I’m always getting asked whether I prefer inorganic mineral-based sunscreens like titanium dioxide and zinc oxide, or inorganic ones like avobenzone and octinoxate. In order to come up with a more holistic and unbiased conclusion, the following characteristics will be considered in a series of FIVE articles:
Part I: Irritation Potential and Aesthetics
Part II: Photostability, Permeability, and Photoreactivity
Part III: Toxicity
Part IV: Level of Protection, and Practicality
Part V: Conclusion and Product Recommendations
***In this series, I will refer to inorganic sunscreens as iOSs (not Apple, mind you) and organic sunscreens as OSs. While there are many individual compounds in each group—particularly OSs, for the purposes of this post, I will only refer to individual iOSs and OSs as parts of their respective groups. Complete and comparative ingredient profiles will not be seen in this series. Furthermore, I will attempt to discuss technologies that are more relevant and reflect the sunscreen technologies and tendencies of the current market. For example, while para-aminobenzoic acid (PABA) has many documented negativities, it will be ignored in our discussion, due to the fact that it is hardly used nowadays in sunscreen formulations.
The irritation potential is how likely a compound will innately trigger a negative reaction, whether in the form of redness, stinging, and/or an allergic response. Keep in mind that this negative reaction occurs without UV radiation. Negative reactions upon UV exposure are not included in this section, and will be discussed in subsequent weeks.
Now, it is a well-known fact that IOSs are much less irritating and trigger significantly fewer occurrences of contact dermatitis and allergic responses than OSs. IOSs like micronized zinc oxide (ZnO) are inert chemicals that simply reflect and scatter light. In fact, ZnO has been used in a petrolatum base to alleviate diaper rashes in infants (1). While the inclusion of petrolatum certainly reduced skin barrier damage and erythema (the markers used in the study), it didn’t do it alone. If it did, why wouldn’t they just use petrolatum as a cure-all for dermatitis? I won’t deny that the study would have been more conclusive if it were vehicle-controlled. Despite that fallacy, the study still suggests that ZnO didn’t increase irritation.
On the other hand, several commonly-used OSs have triggered negative reactions, due in-part to OSs’ mechanism of action against UV light (they absorb UV light and transform it to some other energy form) and their similarities to other known irritants including fragrances such as those of the cinnamates family. Numerous cases of allergic reactions such as anaphylaxis have been documented for multiple types of OSs, including benzophenones like oxybenzone (2), and dibenzoylmethanes like avobenzone (3). While the total number of reported cases of irritation from OSs is small compared to the general population as a whole, as well as varying in intensity, why take that risk at all?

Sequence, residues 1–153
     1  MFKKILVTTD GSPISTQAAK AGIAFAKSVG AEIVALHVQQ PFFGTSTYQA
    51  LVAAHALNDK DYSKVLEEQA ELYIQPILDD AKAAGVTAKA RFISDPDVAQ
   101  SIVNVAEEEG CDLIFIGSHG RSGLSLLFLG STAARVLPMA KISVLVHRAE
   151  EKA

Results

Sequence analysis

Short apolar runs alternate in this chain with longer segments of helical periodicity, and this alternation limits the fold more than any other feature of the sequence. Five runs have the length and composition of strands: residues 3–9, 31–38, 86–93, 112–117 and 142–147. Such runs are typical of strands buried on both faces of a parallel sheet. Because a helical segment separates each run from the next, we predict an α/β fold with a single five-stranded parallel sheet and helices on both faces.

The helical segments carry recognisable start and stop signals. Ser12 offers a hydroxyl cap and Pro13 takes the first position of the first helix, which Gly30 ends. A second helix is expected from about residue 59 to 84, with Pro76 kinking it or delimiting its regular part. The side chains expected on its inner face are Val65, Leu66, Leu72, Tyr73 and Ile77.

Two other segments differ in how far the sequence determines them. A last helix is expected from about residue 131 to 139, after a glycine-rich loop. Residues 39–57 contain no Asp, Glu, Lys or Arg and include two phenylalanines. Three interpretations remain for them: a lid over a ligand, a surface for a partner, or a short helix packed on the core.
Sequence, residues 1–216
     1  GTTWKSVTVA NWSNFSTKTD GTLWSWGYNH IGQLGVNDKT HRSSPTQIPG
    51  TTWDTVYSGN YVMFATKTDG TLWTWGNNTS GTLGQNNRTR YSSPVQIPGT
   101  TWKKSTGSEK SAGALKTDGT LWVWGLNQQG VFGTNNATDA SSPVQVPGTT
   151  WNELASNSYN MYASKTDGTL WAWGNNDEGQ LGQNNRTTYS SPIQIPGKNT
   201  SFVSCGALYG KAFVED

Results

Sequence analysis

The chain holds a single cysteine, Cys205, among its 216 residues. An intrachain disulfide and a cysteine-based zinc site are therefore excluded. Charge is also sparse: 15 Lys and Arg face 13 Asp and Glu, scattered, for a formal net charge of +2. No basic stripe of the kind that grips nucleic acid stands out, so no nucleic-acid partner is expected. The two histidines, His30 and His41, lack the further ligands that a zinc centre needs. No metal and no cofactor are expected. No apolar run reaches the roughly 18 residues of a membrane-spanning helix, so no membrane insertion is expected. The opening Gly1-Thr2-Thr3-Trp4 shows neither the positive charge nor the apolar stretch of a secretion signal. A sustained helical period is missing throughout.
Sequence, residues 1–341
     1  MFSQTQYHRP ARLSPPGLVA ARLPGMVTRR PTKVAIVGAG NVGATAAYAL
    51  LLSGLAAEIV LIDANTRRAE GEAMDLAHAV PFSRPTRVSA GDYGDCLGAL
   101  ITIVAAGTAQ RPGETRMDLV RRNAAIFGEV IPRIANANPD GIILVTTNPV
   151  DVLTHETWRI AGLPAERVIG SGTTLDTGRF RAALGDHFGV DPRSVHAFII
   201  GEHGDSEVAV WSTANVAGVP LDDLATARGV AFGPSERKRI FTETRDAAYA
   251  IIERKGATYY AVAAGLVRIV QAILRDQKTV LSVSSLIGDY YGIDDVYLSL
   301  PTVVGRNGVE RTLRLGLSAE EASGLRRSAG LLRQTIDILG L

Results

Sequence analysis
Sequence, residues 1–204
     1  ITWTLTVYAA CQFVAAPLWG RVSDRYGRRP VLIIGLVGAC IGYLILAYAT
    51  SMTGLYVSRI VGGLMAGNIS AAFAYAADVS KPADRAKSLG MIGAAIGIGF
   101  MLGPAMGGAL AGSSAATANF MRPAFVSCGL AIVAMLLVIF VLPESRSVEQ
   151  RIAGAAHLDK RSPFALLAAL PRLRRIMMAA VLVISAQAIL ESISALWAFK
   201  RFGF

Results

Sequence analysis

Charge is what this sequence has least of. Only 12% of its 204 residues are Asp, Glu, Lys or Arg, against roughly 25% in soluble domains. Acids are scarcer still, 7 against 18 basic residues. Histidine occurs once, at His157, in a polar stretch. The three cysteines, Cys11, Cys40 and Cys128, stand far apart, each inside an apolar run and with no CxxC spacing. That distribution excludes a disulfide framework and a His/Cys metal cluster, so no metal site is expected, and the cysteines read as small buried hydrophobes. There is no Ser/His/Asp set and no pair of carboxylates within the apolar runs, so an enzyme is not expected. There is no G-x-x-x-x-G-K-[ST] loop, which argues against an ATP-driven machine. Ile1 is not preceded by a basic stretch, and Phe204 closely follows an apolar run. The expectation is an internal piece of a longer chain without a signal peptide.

Based on the evidence and the historical tendencies of the general public, the win goes to iOSs.
iOSs = 1; OSs = 0
This characteristic considers how easily a sunscreen can be applied, and how cosmetically pleasing it looks on the skin.
Until the advent of nanotechnology in recent years, iOSs have always been thick, greasy, and opaquely white. This was because both titanium dioxide (TiO2) and ZnO, are minerals that have high refractive (ability to reflect light) properties, with the former being more white (4). The greasiness comes from the emollient vehicles that had to be used to properly and evenly disperse the particles in solution. Even now, with micronized versions, this whiteness can still be seen as a faint white/gray cast. Furthermore, while the micronized versions have reduced the level of opacity, the fact that thicker and more emollient vehicles disperse particles better than more elegant solutions, still holds true. Therefore, many of the available micronized inorganic sunscreens are still a bit greasy. For example, while the Blue Lizard Sensitive Skin SPF 30+ sunscreen provides excellent protection, the texture is still a bit goopy and thick.
OSs on the other hand, while being intrinsically greasy (since they’re oil-soluble), can easily be implemented into cosmetically elegant water and oil emulsions such as gels, serums, and lotions. They are completely translucent, and with a little help from solvents like ethanol, can have textures as light as liquids.
Overall, iOSs tend to be heavier and faintly white, while OSs are lighter and completely transparent.
iOSs = 1; OSs = 1
Right now the score is tied at 1-1. Stay tuned for next week’s continuation of this series. The discussion of the three P’s: photostability, permeability, and photoreactivity (which rhyme by the way), is sure to include some seriously heavy reading. Speaking of heavy reading, check out the 3,000+ post I did on Retinol FAQs HERE!
About the author: John Su is an established skin care expert and aspiring dermatologist. He also runs a blog, The Triple Helix Liaison, dedicated to providing unbiased, meaningful, and insightful information about skin care. For his full bio, please visit our About Page.
John Su describes himself as eccentric—you might find him having a conversation with himself. He’s a stickler for accuracy, so you might find him correcting one thing or another! His goal is to answer questions and provide unbiased, meaningful, and insightful information when it comes to skin care. His underlying motivations stem from a need to inform people who have doubts, questions, or even prayers for solutions to their problems. He has his own skin care blog, The Triple Helixian.View all John Su posts.
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